Councillors asked if they wish to test the law over Cooper Park court

Councillors could test the law over Cooper Park courts
Councillors could test the law over Cooper Park courts

COUNCILLORS WILL CONSIDER today if they are prepared to test the terms of a long standing trust deed under which Elgin’s Cooper Park is managed by the local authority.

In question is the long term future of the Tennis Courts in the park, which form part of the Cooper Park Public Trust.

At present the courts are primarily used by the Elgin Lawn Tennis Club as part of an informal arrangement for which the club pay £92.25 each month from April to September and £61.50 from October to December.

While the arrangement is informal, the tennis club have carried out small repairs on the court – and now they are seeking something more permanent with a long term aim of obtaining a Community Asset Transfer of the courts.

However, the terms of the trust deed would not permit such a transfer – and as an alternative, Councillors are being asked to consider a long term lease. The main stumbling block on that is that may also be prohibited under the trust deed – which is why Councillors are being asked to consider going ahead and “testing” the legal standing of the deed.

In a report on the agenda for today’s meeting of the Full Council, the report author, Mark Palmer, advises: “In terms of a 25 year lease it is clear that the Council would be in breach of the terms of the trust.

“The risks are whether anyone or any group would be minded to challenge the Council for such a breach and also the Council setting a precedent for breaching the terms of trust deeds. The Club and or the Council could consult with the Elgin Community in respect of a long term lease and this would mitigate the risk of a challenge to some degree.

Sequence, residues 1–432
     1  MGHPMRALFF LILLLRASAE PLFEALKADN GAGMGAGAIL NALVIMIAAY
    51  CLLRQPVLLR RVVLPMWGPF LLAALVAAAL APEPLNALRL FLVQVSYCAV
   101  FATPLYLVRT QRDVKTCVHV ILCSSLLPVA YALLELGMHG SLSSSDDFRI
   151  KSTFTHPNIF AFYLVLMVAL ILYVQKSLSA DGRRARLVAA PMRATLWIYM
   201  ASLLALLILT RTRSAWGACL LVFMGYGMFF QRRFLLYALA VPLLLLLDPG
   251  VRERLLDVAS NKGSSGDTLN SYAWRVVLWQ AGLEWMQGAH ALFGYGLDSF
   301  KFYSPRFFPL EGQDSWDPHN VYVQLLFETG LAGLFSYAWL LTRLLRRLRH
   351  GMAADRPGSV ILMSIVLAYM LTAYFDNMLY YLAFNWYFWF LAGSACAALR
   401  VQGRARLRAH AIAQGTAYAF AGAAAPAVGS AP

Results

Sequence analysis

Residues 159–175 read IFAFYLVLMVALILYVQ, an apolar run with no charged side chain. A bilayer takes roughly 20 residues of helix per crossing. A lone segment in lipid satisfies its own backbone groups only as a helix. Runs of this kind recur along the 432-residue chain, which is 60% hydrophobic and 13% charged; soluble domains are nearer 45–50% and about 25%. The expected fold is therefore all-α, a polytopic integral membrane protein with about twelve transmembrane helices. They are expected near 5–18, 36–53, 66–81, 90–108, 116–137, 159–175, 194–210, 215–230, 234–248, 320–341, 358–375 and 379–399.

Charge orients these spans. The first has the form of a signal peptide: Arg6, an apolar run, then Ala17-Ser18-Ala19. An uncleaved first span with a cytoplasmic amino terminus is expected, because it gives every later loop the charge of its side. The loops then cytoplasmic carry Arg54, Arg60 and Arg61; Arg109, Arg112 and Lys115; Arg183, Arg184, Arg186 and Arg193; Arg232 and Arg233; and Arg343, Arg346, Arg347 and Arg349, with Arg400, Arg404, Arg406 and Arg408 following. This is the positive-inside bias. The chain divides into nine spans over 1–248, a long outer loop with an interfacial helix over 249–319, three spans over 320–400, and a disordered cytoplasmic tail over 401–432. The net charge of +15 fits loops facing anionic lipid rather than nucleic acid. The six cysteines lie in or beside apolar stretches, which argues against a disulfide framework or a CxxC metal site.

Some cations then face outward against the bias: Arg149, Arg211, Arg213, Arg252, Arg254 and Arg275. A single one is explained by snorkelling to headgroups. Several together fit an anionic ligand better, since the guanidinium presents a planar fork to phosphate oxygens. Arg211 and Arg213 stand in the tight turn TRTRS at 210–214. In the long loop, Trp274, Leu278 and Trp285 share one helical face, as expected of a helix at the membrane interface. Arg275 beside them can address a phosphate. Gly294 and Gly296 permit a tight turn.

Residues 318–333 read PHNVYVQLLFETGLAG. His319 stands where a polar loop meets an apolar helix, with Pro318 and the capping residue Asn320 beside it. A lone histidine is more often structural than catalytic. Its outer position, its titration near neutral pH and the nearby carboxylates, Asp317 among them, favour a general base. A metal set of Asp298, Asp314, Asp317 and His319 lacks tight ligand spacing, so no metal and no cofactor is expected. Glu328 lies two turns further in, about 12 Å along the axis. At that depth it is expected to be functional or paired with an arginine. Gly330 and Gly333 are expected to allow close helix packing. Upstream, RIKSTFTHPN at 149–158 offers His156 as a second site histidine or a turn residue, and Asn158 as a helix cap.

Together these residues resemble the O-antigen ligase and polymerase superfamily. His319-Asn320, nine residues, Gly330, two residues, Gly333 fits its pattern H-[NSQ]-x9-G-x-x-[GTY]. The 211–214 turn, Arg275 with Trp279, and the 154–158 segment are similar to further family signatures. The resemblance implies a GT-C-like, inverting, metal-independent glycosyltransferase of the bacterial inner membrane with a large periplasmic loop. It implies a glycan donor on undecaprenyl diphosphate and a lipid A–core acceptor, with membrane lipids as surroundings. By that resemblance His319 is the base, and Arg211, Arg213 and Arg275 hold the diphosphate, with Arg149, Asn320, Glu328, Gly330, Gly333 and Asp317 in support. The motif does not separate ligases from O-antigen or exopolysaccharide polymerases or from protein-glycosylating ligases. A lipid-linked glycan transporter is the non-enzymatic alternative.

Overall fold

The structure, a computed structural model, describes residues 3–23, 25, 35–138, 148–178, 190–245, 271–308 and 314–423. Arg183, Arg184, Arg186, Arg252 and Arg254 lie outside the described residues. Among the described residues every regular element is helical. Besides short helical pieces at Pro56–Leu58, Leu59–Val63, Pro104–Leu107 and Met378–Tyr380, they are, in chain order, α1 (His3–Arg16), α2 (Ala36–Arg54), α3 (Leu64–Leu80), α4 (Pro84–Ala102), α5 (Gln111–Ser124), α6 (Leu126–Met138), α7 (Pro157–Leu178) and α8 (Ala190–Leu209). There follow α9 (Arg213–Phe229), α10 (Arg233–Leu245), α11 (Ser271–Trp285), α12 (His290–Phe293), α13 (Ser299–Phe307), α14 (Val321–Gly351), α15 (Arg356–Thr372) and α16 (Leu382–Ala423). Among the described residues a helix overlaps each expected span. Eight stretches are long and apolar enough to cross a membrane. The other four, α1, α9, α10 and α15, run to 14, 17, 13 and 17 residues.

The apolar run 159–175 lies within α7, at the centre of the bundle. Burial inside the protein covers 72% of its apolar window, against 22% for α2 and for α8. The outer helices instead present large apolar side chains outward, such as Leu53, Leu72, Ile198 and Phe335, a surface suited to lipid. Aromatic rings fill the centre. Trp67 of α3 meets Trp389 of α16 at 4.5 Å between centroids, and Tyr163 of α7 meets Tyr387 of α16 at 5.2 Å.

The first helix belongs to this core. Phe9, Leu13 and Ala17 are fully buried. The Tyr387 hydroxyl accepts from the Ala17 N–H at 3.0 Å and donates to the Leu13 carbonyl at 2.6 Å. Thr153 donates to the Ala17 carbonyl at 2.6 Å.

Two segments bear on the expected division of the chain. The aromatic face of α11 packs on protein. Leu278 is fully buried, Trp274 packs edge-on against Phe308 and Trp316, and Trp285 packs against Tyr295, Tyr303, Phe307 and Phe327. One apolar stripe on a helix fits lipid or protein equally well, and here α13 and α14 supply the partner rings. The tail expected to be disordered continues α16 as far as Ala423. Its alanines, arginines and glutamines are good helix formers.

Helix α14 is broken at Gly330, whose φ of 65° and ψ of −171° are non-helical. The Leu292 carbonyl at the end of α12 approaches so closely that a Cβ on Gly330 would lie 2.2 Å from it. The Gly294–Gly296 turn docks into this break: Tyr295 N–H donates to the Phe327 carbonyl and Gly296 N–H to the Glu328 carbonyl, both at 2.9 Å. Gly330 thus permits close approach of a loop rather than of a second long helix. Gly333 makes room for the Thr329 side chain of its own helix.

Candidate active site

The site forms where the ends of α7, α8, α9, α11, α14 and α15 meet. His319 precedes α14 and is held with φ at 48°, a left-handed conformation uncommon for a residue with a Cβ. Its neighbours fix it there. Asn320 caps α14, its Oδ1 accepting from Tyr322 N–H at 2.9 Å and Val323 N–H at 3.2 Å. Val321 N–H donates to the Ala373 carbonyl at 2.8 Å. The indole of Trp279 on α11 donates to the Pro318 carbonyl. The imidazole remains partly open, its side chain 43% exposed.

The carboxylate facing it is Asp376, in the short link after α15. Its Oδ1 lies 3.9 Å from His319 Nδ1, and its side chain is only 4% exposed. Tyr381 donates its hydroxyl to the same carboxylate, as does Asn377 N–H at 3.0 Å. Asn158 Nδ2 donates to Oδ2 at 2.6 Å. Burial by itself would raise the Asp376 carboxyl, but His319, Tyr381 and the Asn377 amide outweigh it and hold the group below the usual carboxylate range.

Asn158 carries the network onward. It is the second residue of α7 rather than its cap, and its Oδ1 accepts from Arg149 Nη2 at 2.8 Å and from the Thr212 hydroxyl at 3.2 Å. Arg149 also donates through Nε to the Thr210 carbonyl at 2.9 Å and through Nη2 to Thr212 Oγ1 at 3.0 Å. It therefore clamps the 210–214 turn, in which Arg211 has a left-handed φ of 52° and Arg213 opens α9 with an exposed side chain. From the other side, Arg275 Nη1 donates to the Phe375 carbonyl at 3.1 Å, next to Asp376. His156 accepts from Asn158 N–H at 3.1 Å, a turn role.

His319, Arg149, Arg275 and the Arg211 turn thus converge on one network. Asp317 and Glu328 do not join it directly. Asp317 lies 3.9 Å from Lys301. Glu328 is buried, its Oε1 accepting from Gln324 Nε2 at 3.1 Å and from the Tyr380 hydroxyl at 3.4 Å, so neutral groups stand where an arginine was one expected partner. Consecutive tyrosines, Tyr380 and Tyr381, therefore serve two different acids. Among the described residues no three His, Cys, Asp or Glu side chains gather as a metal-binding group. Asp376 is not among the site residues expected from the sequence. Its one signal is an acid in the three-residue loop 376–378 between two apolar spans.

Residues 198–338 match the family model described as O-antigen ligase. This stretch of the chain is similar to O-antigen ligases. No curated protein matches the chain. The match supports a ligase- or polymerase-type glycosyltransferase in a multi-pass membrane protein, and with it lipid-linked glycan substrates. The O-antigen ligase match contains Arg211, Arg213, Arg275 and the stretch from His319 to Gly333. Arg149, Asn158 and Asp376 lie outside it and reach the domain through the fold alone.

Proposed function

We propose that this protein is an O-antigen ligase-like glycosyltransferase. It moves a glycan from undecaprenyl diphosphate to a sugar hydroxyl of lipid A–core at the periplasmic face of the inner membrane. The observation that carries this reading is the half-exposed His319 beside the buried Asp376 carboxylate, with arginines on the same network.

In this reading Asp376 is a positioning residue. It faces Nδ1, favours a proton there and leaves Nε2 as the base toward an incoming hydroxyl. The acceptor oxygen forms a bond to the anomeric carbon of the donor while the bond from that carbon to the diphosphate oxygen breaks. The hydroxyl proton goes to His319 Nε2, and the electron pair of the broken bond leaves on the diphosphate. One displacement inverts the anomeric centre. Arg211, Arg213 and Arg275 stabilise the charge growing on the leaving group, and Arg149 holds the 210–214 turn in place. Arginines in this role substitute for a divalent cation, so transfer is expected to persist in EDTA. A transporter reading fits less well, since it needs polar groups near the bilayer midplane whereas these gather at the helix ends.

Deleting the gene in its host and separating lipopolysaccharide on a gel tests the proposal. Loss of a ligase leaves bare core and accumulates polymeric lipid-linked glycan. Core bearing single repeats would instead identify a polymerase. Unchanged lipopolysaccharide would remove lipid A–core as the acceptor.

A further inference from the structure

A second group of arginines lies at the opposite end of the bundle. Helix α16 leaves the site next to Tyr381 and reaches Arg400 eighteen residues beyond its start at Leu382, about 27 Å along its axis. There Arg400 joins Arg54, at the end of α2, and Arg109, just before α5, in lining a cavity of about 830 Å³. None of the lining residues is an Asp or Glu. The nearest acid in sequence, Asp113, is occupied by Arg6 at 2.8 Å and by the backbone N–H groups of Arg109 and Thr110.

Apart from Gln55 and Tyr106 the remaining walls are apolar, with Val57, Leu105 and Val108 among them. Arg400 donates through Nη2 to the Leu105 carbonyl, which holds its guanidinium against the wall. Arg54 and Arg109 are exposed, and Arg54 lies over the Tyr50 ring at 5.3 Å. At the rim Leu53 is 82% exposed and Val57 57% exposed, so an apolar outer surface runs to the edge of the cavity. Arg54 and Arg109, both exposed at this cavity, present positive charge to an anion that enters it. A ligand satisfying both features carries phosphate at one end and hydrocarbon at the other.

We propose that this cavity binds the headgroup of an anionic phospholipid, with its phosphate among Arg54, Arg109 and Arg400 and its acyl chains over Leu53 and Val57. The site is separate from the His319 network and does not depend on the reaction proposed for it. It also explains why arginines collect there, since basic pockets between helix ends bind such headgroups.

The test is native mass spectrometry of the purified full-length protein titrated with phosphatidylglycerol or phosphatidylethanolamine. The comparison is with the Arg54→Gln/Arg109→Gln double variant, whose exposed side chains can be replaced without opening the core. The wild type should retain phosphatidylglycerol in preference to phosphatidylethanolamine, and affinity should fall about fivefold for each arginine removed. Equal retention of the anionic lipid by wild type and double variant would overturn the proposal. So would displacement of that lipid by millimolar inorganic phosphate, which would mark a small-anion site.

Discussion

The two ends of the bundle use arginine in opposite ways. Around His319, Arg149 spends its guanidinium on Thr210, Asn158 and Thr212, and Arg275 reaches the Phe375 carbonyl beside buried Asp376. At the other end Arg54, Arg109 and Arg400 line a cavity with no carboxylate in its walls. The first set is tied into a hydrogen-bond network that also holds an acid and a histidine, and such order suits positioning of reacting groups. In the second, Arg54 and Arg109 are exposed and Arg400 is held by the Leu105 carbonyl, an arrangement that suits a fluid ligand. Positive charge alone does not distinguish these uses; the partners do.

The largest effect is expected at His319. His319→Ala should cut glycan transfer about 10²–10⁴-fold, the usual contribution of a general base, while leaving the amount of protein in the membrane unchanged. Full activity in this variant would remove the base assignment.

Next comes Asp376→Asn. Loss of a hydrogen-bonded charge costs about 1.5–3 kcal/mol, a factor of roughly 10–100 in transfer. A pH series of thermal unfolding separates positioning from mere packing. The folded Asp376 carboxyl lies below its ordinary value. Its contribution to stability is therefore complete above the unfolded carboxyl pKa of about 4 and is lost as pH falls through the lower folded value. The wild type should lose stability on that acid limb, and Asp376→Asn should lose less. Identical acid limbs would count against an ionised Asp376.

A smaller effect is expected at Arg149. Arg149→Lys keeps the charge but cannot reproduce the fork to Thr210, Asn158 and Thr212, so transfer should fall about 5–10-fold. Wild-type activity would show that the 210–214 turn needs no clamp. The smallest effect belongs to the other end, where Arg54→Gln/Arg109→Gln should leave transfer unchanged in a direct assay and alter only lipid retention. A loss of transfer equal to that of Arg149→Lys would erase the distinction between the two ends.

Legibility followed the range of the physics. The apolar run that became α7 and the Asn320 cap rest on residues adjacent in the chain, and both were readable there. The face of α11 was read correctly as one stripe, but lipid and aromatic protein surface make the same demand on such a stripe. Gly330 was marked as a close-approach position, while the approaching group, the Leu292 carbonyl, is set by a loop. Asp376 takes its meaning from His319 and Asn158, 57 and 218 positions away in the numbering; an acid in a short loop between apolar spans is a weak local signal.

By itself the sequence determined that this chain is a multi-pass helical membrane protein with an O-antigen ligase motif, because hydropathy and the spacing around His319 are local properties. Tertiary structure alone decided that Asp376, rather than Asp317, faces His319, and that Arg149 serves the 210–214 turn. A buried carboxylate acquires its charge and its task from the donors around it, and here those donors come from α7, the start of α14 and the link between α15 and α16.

“The Council does not currently have resource available to undertake such a consultation, without impacting on other commitments of the Community Support Unit.”

Mr Palmer adds that the Council has advised the trustees of the Grant Lodge Trust that a petition to the Court of Session would be required to vary the terms of the Cooper Park Trust to enable their 25-year lease bid to be approved.

He adds: “There are differences between the two scenarios and it is these that the Council could rely on to defend different treatment i.e. the use of Tennis Courts will continue to be in terms of the Trust Purposes (recreation) while Grant Lodge Trust require a change in the Trust Purposes as well as permission for a long lease.

“As a Public Trust (and not Common Good) Cooper Park has conditions/rules that are particular to the park e.g. the ‘no long lease’ rule. This fact should further protect us from parties attempting to rely on precedence for cases that relate to property outwith Cooper Park.”

No firm recommendation is made to Councillors who are asked to assess the risks associated with the tennis club request and decide on what length of lease to offer.